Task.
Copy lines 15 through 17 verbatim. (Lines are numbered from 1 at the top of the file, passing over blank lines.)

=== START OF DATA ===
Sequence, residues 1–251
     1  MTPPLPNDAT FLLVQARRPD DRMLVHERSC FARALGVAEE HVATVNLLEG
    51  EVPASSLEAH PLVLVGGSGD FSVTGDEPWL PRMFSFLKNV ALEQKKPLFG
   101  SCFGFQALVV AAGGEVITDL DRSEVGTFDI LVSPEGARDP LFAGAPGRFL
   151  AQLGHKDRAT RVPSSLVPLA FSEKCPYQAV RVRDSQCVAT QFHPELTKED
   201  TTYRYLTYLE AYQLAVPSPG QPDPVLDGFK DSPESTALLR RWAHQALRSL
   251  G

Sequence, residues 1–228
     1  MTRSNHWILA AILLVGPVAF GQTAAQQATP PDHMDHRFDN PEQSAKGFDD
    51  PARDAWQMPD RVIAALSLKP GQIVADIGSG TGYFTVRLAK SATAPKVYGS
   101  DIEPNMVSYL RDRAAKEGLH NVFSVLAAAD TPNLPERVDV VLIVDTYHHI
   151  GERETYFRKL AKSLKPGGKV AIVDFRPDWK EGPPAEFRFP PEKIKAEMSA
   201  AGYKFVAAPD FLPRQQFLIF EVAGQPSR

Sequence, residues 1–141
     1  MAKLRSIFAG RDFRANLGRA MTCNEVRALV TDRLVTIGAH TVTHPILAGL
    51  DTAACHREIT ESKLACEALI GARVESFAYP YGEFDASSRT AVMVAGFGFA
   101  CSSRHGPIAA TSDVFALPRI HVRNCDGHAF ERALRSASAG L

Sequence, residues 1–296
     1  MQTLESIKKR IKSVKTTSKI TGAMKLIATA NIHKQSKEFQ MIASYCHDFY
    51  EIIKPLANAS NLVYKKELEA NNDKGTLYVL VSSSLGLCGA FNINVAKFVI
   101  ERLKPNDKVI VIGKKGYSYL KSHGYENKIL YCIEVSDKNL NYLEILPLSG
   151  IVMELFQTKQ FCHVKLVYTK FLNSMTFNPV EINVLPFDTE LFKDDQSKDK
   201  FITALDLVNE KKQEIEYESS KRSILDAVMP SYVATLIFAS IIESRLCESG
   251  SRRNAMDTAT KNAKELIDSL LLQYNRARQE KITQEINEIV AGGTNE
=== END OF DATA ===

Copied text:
     1  MAKLRSIFAG RDFRANLGRA MTCNEVRALV TDRLVTIGAH TVTHPILAGL
    51  DTAACHREIT ESKLACEALI GARVESFAYP YGEFDASSRT AVMVAGFGFA
   101  CSSRHGPIAA TSDVFALPRI HVRNCDGHAF ERALRSASAG L